Pancit Habhab Recipe (Pancit Lucban)
Quezon is one of the more popular provinces in the Philippines is simply because of its cuisine.
One dish obviously is the first thing that comes to mind, and that is Pancit Habhab recipe also known as Pancit Lucban.
Pancit Habhab is just one of the many variations of Pancit.
Pancit, as we all know, is a recipe that we have adopted from the Chinese, and owing to Filipino creativity, we were able to come up with different varieties of pancit depending on where that particular version of pancit comes from.
In this post we'll cover:
Pancit Habhab Recipe Tips and Preparation
Most Pancit Recipes have the same ingredients as the noodle as the only distinguishing ingredient.
As for the pancit habhab, which is also called Pancit Lucban (the pancit being a namesake of Lucban, Quezon, the town where the pancit habhab recipe came from), the recipe still differentiates itself from the rest in that it has still a different type of noodle called the Miki Lucban, a type of dry pancit noodle.
As for the other ingredients, Pancit Habhab also has shrimp, pork, carrots, cabbages, and sayote.
The Pancit Habhab recipe necessitates that the dish is often served with vinegar as a sort of garnish to be poured over the Pancit Habhab before eating it and is also served on a banana leaf.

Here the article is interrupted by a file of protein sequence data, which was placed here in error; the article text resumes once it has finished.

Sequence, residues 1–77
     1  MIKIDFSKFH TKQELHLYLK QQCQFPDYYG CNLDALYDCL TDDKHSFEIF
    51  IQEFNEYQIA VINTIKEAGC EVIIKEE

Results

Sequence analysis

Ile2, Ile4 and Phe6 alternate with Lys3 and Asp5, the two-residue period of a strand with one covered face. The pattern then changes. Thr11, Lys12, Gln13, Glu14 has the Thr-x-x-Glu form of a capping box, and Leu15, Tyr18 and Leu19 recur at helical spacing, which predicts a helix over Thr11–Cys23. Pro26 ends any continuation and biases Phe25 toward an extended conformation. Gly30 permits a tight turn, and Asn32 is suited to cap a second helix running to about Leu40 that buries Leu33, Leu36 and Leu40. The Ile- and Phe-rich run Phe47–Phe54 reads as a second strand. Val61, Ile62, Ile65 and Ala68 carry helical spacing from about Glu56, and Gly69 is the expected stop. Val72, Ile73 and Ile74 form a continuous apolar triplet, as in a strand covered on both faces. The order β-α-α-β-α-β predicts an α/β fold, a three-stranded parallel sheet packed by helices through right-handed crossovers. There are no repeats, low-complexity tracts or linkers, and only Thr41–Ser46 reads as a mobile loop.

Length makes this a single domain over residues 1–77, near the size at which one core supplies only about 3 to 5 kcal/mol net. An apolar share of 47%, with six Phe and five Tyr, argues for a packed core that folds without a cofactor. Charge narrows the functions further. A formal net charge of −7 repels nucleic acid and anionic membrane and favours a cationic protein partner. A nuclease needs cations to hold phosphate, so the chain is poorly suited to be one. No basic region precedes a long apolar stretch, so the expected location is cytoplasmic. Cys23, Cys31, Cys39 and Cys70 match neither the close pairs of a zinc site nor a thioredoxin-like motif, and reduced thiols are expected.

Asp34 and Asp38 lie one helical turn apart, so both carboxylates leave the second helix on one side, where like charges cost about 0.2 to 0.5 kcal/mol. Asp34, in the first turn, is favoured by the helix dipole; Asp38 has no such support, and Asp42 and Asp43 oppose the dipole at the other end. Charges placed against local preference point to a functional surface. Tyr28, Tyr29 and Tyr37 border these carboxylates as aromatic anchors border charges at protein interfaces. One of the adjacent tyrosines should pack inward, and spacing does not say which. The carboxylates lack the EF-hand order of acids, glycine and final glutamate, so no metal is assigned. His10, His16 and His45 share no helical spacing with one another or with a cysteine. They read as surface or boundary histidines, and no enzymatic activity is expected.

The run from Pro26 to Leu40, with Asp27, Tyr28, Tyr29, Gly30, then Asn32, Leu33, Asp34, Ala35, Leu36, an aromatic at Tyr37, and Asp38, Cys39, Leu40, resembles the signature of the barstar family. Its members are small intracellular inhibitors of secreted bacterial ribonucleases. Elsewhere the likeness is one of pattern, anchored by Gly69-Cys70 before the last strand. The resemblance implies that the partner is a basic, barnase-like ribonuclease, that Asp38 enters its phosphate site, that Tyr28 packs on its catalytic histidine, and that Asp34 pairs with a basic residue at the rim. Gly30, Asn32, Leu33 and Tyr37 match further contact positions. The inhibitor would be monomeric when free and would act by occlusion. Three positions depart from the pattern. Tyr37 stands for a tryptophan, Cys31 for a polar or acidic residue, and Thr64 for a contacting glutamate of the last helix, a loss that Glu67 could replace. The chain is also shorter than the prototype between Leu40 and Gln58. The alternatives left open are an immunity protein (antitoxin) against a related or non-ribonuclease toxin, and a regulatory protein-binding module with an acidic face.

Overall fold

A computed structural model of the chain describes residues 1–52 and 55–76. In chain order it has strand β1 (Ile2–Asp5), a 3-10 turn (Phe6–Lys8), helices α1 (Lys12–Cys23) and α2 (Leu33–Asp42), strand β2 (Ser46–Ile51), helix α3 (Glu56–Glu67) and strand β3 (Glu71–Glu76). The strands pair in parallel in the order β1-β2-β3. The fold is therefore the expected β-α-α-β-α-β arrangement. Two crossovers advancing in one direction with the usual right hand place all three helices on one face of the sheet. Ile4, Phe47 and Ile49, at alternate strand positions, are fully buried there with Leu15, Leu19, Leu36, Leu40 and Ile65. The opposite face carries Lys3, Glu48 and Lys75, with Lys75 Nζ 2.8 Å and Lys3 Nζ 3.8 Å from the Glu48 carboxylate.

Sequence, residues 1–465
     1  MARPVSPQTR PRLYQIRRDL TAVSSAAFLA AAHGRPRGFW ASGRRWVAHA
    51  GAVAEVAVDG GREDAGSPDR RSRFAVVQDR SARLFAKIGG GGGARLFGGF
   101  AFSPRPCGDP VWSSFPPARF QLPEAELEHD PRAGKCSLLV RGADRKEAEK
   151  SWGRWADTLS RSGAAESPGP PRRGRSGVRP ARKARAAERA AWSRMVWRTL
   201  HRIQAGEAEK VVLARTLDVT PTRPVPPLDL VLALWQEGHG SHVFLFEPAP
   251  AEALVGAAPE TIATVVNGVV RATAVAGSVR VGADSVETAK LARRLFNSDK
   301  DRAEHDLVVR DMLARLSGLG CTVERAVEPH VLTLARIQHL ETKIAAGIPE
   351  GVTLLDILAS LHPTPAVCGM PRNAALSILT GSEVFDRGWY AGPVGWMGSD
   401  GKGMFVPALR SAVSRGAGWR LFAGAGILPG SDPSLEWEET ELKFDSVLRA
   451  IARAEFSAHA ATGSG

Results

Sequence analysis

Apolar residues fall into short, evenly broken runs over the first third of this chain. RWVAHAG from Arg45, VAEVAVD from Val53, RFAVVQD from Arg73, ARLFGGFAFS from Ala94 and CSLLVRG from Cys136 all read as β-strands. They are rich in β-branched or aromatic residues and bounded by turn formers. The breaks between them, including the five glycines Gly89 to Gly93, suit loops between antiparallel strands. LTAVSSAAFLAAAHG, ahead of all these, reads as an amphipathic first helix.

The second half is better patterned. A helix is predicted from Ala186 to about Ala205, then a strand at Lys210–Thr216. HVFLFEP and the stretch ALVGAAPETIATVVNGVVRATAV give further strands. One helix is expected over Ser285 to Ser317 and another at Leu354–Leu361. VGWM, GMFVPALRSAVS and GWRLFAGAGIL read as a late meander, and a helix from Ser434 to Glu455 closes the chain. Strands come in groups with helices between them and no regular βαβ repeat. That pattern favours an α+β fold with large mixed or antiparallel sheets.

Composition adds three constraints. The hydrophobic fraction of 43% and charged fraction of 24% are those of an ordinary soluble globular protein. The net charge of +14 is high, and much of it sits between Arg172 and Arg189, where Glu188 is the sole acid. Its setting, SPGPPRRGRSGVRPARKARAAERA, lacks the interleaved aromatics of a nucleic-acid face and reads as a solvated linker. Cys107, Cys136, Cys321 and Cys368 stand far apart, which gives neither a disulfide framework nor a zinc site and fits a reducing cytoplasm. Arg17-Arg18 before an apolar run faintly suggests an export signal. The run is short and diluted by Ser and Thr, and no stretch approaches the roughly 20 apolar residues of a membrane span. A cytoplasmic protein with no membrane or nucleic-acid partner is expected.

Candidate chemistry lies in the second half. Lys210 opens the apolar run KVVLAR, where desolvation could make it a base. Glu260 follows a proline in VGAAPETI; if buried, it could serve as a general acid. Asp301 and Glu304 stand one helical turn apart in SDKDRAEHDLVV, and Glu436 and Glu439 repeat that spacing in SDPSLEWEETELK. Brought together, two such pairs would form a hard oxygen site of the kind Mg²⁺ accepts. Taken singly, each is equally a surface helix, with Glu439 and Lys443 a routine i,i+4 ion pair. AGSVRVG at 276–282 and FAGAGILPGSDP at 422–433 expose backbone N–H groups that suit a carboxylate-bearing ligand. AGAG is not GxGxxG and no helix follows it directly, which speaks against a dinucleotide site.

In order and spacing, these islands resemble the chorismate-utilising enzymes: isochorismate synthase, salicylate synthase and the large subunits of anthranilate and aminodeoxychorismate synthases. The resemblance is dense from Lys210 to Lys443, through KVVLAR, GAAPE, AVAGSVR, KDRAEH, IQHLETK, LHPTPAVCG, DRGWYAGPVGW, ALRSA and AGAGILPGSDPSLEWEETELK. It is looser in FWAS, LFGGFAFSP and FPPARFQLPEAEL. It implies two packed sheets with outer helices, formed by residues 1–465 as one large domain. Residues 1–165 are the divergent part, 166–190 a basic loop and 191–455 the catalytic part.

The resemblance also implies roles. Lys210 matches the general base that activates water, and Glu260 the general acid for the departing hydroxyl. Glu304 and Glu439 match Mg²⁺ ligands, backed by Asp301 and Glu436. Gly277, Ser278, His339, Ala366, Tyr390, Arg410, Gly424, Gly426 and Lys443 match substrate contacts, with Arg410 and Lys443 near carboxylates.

Lastly, what makes eating pancit habhab a different experience is that you are not supposed to use your hands or to use any kind of utensil in eating it.
Thus, the name pancit “habhab” as “habhab” means to eat with one’s mouth.
After pouring vinegar on the pancit, you have to take the pancit habhab as close to your mouth and eat it from the banana leaf.
Pancit habhab recipe (pancit lucban)
- ½ kg Lucban Miki noodles
- ¼ kg pork belly chopped and thinly sliced
- ¼ kg shrimp shell removed
- ⅛ kg Pork liver thinly sliced
- 5 cups Beef or Chicken broth
- 1 cup Snow Pea or Chicharo
- ¾ cup carrots cut into shreds
- 1 pc Chayote Julienne cut
- 1 bunch Pechay sliced
- 1 onion thinly sliced
- 4 cloves garlic minced
- 5 tbsp Canola oil
- 5 tbsp soy sauce
- ½ tsp Ground black pepper
- Fish Sauce
- Vinegar or Kalamansi
- Washed and Cleaned Banana leaf cut to the desired size
- On a large Wok or frying pan, sauté chayote, chicharo, carrots, and pechay for 3 minutes then set aside on medium high heat.
- Add in the Sliced Pork until cooked. Let the natural oil come out. In some cases, you can also fry the pork first then that in until completely cooked.
- Saute again with Garlic and Onion for around 2 – 3 minutes then add the liver and mix well.
- Add the ground black pepper and pour in the soy sauce.
- On a separate frying pan, add in shrimps and stir-fry until cooked or until it turns pink.
- Pour beef or chicken broth and bring to a boil. Let it simmer for about 18 – 20 minutes.
- Put the Lucban Miki noodles and stir constantly with the broth. Make sure the Miki noodles absorb the broth.
- Add the half of stir-fried veggies then stir thoroughly.
- Serve on a Banana Leaf topped with vegetables and shrimps. You can add on fish sauce and vinegar.
Joost Nusselder, the founder of Bite My Bun is a content marketer, dad and loves trying out new food with Japanese food at the heart of his passion, and together with his team he's been creating in-depth blog articles since 2016 to help loyal readers with recipes and cooking tips.